Added spice to 24-hour rail trail run

Poolburn School pupils offer up a cinnamon-flavoured "French toast" to board chairman Graham...
Poolburn School pupils offer up a cinnamon-flavoured "French toast" to board chairman Graham Sinnamon who plans to run the 150km length of the Otago Central Rail Trail, starting tomorrow. Photo by Lynda Van Kempen.
Poolburn School added some extra spice to the curriculum yesterday in honour of its board chairman Graham Sinnamon, who plans to run the 150km length of the Otago Central Rail Trail, starting tomorrow morning.

The 34-pupil school declared it "Spice Day", enjoyed a family lunch featuring cinnamon-flavoured items, and pupils and staff all dressed as Graham Sinnamon lookalikes, sporting rugby jerseys, and shorts or ripped trousers.

"Just as well my surname wasn't Jones, they'd have struggled to theme a day around that," Sinnamon said.

The 45-year-old multisport athlete and farmer plans to complete the marathon run within 24 hours, starting at Middlemarch and arriving in Clyde by about 11am on Saturday.

His run is a fund-raiser for Sport Central and 13 schools along the trail and throughout Central Otago are involved.

Some will be joining in for part of the journey while others are staging fund-raising activities at their own schools.

Sinnamon has taken part in four multisport events in the past couple of months - the Coast to Coast, the Goldrush, the rail trail duathlon and the Ghost to Ghost.

"So I haven't been training as such for this run, but used those events to get fit, " he said.

"You can't get too hung up about it; this isn't going to be a race."

This will be his longest run both in distance and in time.

The longest time he has spent running has been about four hours.

He occasionally runs from Poolburn to Alexandra, a distance of 35km, and that takes him three hours.

"This trip will be a challenge mentally as well as physically," Sinnamon said.

He will run at about 6-7kmh - "it'll be jogging - not much faster than walking speed".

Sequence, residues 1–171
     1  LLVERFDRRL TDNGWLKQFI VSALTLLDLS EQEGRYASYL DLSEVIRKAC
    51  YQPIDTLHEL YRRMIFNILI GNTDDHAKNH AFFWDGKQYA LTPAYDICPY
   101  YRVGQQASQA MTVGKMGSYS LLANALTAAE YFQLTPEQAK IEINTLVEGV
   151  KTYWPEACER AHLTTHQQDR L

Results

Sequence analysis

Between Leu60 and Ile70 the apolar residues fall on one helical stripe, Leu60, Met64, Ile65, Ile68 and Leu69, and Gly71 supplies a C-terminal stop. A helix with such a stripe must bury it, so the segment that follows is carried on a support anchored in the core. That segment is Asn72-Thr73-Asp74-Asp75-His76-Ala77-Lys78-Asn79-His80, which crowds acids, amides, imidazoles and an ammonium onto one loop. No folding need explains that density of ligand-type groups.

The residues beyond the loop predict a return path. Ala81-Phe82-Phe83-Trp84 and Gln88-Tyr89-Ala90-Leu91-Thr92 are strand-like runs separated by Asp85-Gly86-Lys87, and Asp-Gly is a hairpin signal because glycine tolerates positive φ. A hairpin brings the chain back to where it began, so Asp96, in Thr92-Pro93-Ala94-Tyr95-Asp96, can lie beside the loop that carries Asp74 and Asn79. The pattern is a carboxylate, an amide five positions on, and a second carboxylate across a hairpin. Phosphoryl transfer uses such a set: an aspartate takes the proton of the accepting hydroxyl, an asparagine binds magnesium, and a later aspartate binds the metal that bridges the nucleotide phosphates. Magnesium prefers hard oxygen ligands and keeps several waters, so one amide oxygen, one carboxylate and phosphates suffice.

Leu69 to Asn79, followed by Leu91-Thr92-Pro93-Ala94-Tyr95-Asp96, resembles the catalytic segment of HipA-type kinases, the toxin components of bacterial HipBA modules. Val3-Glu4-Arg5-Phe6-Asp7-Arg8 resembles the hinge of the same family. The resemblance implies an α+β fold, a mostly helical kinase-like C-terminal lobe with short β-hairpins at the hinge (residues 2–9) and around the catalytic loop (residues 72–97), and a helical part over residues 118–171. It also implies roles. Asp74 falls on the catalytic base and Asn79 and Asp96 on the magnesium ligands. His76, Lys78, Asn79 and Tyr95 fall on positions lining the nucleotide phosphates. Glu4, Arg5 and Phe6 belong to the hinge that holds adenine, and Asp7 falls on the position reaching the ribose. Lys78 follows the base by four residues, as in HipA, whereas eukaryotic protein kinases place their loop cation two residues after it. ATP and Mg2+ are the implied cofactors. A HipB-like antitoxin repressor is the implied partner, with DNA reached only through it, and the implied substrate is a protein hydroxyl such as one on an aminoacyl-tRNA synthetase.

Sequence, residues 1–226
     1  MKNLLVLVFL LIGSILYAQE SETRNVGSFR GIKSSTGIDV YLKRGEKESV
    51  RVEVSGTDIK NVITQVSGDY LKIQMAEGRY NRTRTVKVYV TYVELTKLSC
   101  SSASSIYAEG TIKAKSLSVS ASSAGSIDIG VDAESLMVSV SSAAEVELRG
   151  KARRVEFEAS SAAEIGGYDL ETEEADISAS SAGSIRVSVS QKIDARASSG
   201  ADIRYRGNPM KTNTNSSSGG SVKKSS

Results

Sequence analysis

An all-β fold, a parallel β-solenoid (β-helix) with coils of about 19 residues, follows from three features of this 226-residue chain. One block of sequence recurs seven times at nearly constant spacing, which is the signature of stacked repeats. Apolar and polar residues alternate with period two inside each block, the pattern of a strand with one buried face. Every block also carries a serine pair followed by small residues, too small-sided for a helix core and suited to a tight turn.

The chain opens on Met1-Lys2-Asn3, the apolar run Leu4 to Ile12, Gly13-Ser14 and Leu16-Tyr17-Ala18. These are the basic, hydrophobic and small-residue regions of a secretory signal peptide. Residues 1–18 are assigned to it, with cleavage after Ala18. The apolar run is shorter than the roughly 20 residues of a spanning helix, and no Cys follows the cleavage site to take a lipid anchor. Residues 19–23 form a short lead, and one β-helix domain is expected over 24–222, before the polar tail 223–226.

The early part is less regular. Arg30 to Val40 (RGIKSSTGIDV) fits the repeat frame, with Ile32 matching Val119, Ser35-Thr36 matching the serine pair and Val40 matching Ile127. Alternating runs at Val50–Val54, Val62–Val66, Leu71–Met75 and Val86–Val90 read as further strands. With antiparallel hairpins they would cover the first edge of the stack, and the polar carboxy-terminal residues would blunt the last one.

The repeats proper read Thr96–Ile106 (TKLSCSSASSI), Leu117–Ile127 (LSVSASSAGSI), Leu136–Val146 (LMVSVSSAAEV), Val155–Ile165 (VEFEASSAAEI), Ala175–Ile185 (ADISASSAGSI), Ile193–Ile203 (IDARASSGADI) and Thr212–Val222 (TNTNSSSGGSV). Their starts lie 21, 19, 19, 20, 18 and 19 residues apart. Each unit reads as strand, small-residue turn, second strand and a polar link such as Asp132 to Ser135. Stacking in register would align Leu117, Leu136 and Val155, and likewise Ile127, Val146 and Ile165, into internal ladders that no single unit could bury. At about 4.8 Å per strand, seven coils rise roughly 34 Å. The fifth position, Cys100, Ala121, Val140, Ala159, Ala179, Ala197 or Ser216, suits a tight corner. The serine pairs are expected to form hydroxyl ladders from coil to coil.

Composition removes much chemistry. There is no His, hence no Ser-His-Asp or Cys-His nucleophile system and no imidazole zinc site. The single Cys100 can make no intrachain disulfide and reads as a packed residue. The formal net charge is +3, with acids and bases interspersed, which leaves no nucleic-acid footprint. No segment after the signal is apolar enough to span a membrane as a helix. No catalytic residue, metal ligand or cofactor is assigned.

Sport Central was a good organisation to support and it could use the extra funds to run even more sports events for young people, he said.

He was amazed how the community had rallied behind the idea.

"Running the rail trail is something that's been at the back of my mind for a while. I've done sections of it but never the whole thing in one go."

Rail trail trust chairwoman Daphne Hull said as far as she was aware, nobody had run the complete length of the trail in one go.

The worst-case scenario would be a "howling nor'wester," Sinnamon said.

"I'm planning to finish in under 24 hours if the weather plays the game and nothing goes wrong. Getting used to running slowly will be very difficult."

He was taking a "shearing-gang approach" to sustenance during the journey.

"After two hours, I'll have a bit of a feed, like smoko, and then after four hours a bigger feed and so on."

Hot cross buns, creamed rice, bananas and burgers are all on the menu.

He will have company throughout the trip, with a few extras rostered on during the night.

Poolburn principal Simon Waymouth said schools had rallied to support the cause and the Poolburn pupils were excited about Spice Day.

"His sporting efforts and goal-setting are a great example for our pupils."

Recipes featuring cinnamon had been in the school newsletters for the past month during the build-up to the event.

Sinnamon said it was strange to be greeted by 34 "lookalikes".

"I'm world famous . . . in Poolburn."


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